Shams Sahab Faqir, to cite another example, does not like to put labels on himself and like Rumi he thinks to be neither Eastern nor Western, neither an angel nor a djinn, neither a believer nor a heretic. He declares freedom assuming to be a Sarmad, a Sikander, a Solomon himself. Even from pre-creation days he thinks he has the wings to fly to space-less states which flight is assumed only a status of God. Moreover, he assumes he is neither created by earth, no water, nor air nor fire- four elements responsible for the emergence of man on the earth. He therefore seems to be declaring for himself a God –like existence like Hazrat Mansoor Hallaj. Moreover, like Moses (AS) he thinks to be listening to divine music which is accompanied by a VISION. He realizes Muhammad (SAW) himself enlightening him completely to place him at the creative stage. Ahmad Sahab Batwari, another mystic poet, claims catching unknown sounds of the mysterious flute with which even Rumi begins his known Mathnavi. Batwari knows the flute and the various dimensions of its sound, the knowledge that seats him on the thrown of power. He claims to be aware of the underworld and its secrets which in the Quranic language is a part of ascension a flight to the unknown states of existence, taking one to the presence of God. He too thinks in the way in which Hallaj did but is not condemned to die on the scaffold. Ahmad’s distinguished quality is his knowledge of the Hindustani way of reaching God which to Anna Marie Schimmel and Iqbal was an attraction for Muhammad (SAW) as well and according to a tradition even the well- known poet of Persia, Hafiz, was prepared to surrender Samarqand and Bukhara to gain this spiritual experience. AZ HINDUSTAN SAAZ KARETH AAYIKHAI PADMANIYAY is the significantly famous song that Batwari sang in praise of the Hindustani-way. Batwari’s symbols like NOORPUR, CHEEN, SHAM, MISIR, and RUM are used by mystics to go deep into mystic truth. At an important stage of development he hears the calls of Big Mosque and bears their brunt to gain the highest state of nearness to Great God. Ahad Sahab Zargar of our time adopts AKANANDUN as an allegory to experience this state. Zargar asserts he designs Adam, inspires soul into him, is well informed about the secret which Muhammad (SAW) is, and also revelations of the Quran. In fact he thinks he alone is responsible for surfacing God. Zargar also wrote Gul Snober, an allegory that throws open an important secret of love. He was ridiculed for his ideas by the dogmatists as expressed in ‘KAFAR SAPDETH KORUM IQRAR’, one of his well-known poems (I said yes after wading through denial).

Love as the fulcrum of mysticism has been adopted almost by all the mystic poets of Kashmir but Waze Mahmood, Maqbool Shah Kralwari, Nema Sahab , Rahim Sahab of Sopore, Mahmmod Gami , Rasul Mir and Mahjoor can be mentioned for their fiery passion and ecstasy in particular. Waze Mahmood’s songs are at the tip of the tongue of those who love the kingdom that failed not, the kingdom of love. Kralwari’s Gulraiz is an allegorical garden of love in which the human ego seeks the Divine Ego through love and suffers mind blowing and heart breaking miseries for its sake. The rhyme and rhythm of the allegory suits the state of love. Nema Shahab makes use of human nature to reveal the deeper meanings of mystic truth and to weld human body with the process of seeking. Rahim Sahab’s songs are sung often to realize the taste of love and to use it as a popular power for spiritual exaltation. His blend of the mundane with the spiritual does not spoil the lofty state of love as a real force to reckon with in spiritual matters. Rasul Mir known as the Keats of Kashmir is greater than him in the eyes of the boozer mystic as he knows how to develop a perspective to reach God and in that perspective how to use passions and desires together with all their beauteous forms as ladders to reach the beautiful and the sublime. Rasul’s song brings the feminine in so much that he appears sensuous to the untrained eye. To add amber to the fire of love and to burn everything mundane in it takes Mir to Persian classical masters like Jami and Nizami and exalts his position as a lover mystic. Mahjoor not very different from Rasul, he sings love’s lyre like a nightingale on the beauteous bough of nature relating it with the Real. His songs remind of Rasul’s passion but his musicality adds fuel to already burning flames of love as a spiritual force. Such is the force of lyricism in his verse that people forget that he uses it only to achieve nearness to the one who is sublime and all lovable!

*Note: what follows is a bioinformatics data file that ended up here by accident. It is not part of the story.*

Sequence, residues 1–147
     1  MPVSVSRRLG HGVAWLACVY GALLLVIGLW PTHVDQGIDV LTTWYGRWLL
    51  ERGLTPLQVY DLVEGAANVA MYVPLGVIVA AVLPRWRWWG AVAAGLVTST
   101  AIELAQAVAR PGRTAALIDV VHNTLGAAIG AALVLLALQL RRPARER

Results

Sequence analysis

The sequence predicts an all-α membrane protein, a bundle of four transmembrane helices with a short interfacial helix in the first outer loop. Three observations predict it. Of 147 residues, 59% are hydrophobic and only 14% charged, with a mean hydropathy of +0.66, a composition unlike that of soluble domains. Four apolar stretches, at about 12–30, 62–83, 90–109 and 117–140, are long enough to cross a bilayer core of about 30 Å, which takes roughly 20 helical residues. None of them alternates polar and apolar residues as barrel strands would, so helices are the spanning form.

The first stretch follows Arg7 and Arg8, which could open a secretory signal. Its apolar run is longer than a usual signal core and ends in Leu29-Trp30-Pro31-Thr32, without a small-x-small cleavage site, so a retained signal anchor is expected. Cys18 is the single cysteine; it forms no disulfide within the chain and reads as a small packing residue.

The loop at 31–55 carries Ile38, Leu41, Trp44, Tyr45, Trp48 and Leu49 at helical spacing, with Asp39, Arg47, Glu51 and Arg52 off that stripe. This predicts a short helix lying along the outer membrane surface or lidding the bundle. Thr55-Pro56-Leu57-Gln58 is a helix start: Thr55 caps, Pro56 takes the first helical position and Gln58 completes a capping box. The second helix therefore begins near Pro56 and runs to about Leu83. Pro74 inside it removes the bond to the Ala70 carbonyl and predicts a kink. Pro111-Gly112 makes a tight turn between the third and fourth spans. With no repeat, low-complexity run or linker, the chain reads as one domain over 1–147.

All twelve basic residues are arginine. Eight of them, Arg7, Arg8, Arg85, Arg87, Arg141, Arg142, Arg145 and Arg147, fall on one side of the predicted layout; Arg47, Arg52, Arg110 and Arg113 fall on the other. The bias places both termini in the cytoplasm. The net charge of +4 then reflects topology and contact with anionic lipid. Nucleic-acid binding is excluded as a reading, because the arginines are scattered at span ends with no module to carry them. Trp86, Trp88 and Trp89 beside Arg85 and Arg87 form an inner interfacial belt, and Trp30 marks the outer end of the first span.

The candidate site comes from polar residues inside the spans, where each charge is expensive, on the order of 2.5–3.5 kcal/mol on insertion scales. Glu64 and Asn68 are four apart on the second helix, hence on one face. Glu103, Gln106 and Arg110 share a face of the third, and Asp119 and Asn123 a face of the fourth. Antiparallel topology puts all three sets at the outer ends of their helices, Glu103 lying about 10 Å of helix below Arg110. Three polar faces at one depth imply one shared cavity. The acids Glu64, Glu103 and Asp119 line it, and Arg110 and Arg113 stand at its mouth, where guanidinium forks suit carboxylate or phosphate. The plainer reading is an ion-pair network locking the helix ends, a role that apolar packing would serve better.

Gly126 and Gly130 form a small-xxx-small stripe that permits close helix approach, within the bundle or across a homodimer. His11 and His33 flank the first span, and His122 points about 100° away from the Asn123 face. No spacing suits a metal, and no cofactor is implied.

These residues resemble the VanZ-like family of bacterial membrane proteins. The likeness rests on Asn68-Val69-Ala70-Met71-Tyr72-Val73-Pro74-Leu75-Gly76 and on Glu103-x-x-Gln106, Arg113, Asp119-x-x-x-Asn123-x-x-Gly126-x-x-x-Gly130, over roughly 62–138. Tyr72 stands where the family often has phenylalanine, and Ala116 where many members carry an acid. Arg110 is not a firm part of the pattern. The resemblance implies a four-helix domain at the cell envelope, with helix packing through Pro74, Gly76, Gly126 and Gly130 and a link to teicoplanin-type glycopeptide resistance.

One of the striking features of our mystic poetry is Majaz, the ephemerality of life in its physical form, the exotericism of mystic experience. It is interplay of form and meaning, of course a very dangerous spiritual feat! It may cause serious dangers to the practicing mystic if his guide is not in full control of the journeying. Some readers do not read deeper meanings in exoteric poetry .Some guardians of the system may raise serious objections too. Hafiz and Khayyam, Rasul Mir and Mehjoor, to cite some examples, are infamous for indulging in sensuous poetry but it is this poetry that gives value to their song! This formal approach to spirituality and mystic poetry provides the composer enough material to beautify the verse as a means to get ecstatic. He brings natural environment of Kashmir and biological nature of man together and produces, with the help of imagination and figurative language, a blend that serves as a beautiful mirror to observe spirituality. The dance of the formal with the real adds music to the song, grandeur to Kashmir culture and power to other-worldliness. This makes the earth and the sky dance in poetry with all the juxtapositions of hue and color that haunt minds with beauty and sublimity. This helps us to view God in the whole phenomenal drama and its highly alluring ecstasy and varying moods. This is the most spectacular gift that Kashmir presents to the subcontinent and the materially dominated world that unfortunately has lost touch with the everlasting and Infinite truth.

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Feature–Sufism & Sufi Literature

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Interview
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Book Review